wants to tackle.
In the first vignette, a man in a black raincoat [played by Tinambacan] struts around in weariness, opening his garb to reveal assorted items—socks, cellphones, teddy bears, etc.—all price-tagged for sale. To a haunting guitar accompaniment, he mimes again and again the concerns and desperations of the present, a feel of temperature and heartbeat, a demonstration of dwindling resources, punctuated regularly with a plaintive plea, “Ayaw pud tawon, Lord.”
In the second vignette, a figure in a tent [played by Cimafranca], shadowplays our daily anxiety-ridden ritual of waking up to the pandemic, presaged by a sigh, “Kanus-a pa ni mahuman?” We see his silhouette go through getting up, dressing up, all the while mumbling one horrifying pandemic statistic after another. When he comes out of the tent, the revelation is both a surprise and a reckoning.
In the third vignette, a woman in an apron equipped with cleaning paraphernalia [played by Silva] goes about household chores—but in donning an office jacket over that apron, we get the slap of the farce: how our personal and professional lives have blurred in the lockdown, and how that uneasy blurring, Zoom meetings, and the still constant demands by our economic overlords to produce, produce, and produce eventually lead to breakdowns of our body, sanity, and spirit.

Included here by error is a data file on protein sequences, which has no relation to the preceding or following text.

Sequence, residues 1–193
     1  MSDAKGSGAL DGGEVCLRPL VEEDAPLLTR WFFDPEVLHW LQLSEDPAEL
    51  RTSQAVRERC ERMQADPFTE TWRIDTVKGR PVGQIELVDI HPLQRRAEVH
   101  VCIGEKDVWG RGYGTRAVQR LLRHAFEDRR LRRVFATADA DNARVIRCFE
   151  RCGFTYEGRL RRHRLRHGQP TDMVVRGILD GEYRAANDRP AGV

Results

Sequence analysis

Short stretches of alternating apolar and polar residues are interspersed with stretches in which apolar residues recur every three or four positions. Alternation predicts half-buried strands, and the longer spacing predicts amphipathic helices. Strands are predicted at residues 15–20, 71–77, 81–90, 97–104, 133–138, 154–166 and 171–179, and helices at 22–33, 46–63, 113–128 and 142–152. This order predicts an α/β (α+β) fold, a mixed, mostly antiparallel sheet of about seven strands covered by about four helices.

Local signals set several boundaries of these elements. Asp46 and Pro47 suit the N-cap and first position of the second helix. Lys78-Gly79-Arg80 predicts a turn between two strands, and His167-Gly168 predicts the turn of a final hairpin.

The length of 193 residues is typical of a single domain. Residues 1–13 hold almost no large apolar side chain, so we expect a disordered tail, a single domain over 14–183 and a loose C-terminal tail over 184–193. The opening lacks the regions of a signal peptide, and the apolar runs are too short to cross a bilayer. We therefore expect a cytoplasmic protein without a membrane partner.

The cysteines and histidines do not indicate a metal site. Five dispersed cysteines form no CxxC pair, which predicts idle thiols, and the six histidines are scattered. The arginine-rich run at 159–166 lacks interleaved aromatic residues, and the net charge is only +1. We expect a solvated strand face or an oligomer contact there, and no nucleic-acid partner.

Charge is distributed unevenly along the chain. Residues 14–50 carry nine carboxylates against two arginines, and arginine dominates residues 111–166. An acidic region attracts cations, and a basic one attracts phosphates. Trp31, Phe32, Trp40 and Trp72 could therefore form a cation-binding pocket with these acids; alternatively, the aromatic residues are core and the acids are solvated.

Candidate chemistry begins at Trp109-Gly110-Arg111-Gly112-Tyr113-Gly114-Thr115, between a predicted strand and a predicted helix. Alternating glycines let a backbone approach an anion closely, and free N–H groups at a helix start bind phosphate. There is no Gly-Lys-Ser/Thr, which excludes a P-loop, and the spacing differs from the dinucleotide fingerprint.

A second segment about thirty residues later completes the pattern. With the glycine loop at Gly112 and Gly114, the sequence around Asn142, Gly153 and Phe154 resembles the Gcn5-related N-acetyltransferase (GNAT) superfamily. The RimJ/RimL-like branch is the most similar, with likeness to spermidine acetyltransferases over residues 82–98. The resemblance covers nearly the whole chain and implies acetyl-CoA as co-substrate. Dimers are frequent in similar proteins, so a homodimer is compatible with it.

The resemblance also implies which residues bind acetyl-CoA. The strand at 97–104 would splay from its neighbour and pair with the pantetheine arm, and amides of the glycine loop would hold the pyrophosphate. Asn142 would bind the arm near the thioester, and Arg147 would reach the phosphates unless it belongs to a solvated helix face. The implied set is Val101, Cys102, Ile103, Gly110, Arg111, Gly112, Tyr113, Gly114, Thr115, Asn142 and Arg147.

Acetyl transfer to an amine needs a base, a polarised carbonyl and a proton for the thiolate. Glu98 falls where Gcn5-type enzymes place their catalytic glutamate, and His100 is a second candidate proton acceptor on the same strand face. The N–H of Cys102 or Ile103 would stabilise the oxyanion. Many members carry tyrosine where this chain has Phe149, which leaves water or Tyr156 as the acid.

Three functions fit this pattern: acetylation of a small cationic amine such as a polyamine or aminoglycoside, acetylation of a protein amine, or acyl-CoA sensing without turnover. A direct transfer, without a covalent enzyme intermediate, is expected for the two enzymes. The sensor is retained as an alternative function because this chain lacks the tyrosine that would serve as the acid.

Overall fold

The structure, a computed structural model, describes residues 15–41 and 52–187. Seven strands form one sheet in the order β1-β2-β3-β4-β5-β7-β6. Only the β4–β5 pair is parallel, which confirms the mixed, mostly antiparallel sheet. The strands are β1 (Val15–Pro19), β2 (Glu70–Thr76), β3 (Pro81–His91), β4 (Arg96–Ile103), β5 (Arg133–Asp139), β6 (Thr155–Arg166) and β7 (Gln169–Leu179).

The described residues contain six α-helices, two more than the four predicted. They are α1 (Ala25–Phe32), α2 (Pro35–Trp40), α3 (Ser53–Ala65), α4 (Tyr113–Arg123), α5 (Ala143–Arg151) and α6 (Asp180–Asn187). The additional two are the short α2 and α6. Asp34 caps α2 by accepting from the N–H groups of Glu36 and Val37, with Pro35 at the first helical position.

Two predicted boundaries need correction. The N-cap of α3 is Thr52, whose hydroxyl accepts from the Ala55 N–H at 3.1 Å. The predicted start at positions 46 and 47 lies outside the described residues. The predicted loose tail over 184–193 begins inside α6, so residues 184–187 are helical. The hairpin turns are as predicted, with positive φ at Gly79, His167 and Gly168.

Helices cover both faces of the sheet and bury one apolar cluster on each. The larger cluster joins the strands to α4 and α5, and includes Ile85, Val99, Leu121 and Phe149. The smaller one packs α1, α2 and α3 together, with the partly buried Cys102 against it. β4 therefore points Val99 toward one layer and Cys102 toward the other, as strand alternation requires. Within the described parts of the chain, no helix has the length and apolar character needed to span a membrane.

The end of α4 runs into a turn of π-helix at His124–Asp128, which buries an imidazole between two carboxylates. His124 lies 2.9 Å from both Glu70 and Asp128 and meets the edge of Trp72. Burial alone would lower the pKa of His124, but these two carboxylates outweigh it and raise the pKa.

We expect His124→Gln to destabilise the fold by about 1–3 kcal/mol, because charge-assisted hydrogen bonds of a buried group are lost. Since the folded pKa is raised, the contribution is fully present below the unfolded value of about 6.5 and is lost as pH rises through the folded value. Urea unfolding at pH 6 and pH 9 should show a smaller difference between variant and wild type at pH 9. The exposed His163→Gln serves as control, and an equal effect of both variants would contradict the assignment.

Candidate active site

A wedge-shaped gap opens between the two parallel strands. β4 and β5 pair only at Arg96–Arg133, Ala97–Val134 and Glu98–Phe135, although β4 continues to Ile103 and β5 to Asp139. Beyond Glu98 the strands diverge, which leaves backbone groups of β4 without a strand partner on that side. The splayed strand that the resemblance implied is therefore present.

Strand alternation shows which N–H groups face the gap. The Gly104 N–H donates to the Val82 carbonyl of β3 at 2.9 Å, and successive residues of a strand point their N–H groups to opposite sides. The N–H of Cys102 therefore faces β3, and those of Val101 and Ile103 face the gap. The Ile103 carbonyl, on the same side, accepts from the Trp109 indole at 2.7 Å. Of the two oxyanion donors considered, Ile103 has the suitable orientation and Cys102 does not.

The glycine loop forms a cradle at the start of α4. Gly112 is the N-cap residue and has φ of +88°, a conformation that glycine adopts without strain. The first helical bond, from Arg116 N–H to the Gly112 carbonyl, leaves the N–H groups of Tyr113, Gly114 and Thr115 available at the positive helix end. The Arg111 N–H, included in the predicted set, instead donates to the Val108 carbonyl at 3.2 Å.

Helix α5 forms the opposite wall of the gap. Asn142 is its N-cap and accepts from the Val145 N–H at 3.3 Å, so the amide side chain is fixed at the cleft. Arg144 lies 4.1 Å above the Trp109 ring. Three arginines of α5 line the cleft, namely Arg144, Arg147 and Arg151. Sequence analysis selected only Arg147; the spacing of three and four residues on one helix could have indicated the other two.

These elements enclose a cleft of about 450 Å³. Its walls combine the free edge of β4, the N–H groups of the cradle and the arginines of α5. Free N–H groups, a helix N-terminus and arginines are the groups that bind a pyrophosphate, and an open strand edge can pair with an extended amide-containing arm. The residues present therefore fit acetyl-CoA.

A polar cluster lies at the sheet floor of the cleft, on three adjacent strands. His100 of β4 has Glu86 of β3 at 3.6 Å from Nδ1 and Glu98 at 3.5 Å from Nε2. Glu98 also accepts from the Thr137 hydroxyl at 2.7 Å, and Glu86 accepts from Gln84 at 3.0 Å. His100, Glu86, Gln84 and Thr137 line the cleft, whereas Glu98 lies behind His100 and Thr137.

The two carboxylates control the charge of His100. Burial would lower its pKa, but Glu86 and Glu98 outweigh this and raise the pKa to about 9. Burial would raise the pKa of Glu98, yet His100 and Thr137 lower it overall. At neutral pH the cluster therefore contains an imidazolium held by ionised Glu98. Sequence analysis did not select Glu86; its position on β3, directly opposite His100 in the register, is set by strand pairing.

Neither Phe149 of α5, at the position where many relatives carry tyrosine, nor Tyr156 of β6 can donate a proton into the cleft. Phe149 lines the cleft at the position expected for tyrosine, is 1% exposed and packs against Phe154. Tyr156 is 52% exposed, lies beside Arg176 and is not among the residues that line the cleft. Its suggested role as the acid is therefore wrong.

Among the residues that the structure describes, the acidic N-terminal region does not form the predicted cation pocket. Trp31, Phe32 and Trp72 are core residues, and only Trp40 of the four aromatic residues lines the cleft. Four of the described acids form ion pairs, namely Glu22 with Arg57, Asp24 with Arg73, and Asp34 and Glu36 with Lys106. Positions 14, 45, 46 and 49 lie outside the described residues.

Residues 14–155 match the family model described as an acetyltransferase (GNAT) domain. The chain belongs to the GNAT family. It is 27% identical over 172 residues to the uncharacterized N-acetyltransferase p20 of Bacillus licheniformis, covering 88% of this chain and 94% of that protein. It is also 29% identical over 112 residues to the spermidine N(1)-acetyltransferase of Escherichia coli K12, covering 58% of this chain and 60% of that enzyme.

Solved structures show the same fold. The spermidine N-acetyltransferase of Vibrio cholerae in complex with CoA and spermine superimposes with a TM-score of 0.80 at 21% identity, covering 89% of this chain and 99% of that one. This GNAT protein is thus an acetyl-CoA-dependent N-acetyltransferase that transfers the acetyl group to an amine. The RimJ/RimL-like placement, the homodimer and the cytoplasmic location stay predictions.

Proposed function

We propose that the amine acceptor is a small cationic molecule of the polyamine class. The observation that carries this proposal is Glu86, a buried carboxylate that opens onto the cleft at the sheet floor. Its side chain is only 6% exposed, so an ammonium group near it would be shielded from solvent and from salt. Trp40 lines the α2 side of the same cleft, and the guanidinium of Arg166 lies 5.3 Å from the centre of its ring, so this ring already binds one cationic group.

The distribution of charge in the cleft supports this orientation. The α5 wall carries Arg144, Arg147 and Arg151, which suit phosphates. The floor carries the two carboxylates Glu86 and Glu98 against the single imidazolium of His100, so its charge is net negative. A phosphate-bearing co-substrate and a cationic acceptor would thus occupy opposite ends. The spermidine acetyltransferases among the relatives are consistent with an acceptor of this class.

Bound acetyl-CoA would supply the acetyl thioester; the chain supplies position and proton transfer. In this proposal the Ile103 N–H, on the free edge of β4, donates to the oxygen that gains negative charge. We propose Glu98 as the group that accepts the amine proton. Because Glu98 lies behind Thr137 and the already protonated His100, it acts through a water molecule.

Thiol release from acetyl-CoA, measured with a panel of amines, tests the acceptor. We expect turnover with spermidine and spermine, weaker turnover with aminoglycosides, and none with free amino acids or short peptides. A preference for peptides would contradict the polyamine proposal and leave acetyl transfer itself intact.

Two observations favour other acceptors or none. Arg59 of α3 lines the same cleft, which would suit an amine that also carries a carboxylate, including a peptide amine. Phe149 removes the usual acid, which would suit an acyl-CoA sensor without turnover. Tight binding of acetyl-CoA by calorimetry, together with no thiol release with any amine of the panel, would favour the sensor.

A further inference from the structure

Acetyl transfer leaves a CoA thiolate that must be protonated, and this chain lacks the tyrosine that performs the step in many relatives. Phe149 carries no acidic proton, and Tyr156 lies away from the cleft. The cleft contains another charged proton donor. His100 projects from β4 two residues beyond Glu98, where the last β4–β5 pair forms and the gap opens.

In the last vignette, our guide is joined by the three others [who provide both musical accompaniment and reflective Greek chorus] in a wrenching portrayal of anguished mental health wrought by the pandemic. This is my favorite vignette, because raw and real. There is something to be said about Kitay’s frenetic eyes as he rails against pandemic time that is both deliriously slow and excruciatingly fast at the same time: “Dili puwede mo pas-pas!” To which the chorus replies: “Unsay adlaw karon / Asa ko paingon? / Unsa akong unahon… / Kapa! Gakapa! / Kape! / Bugnaw nang kape. / Gabii pa man ni…” The anxiety is real.
It all feels so strong, and moving—because the play allows us to be somehow seen.
This is not the first play Dumaguete has seen since the pandemic started. Last 26 November 2020, Artista Sillimaniana put on an intimate, health protocol-following staging of Karen Schiff’s Breakfast with Willy
, starring Malka Shaver and Andrew Alvarez, and directed by Hannah Catacutan. It was a small comedy set in a grocery store, and its mirth and high jinx were what we needed in the dark depths of that uncertain year. A full year on, and with the end of the pandemic [hopefully] in sight, it’s time for our artists to take stock of our fragile recent past and still surging present, refracting our collective experience into a mirror of truth.
Cringe, laugh, cry—these are the measures of the catharsis we need. Fighting the Invisible paves the way.
Fighting the Invisible is slated on May 7, Friday and May 8, Saturday at 7 PM at the Sidlakang Negros Village Function Hall. Reserve a seat now at the D Salag Collective FB page. The production is limited to 40 seats per show. Safety protocols will be followed. A talkback session will follow after the show.
Photos by Renz Torres
Labels: art and culture, coronavirus, dumaguete, negros, theatre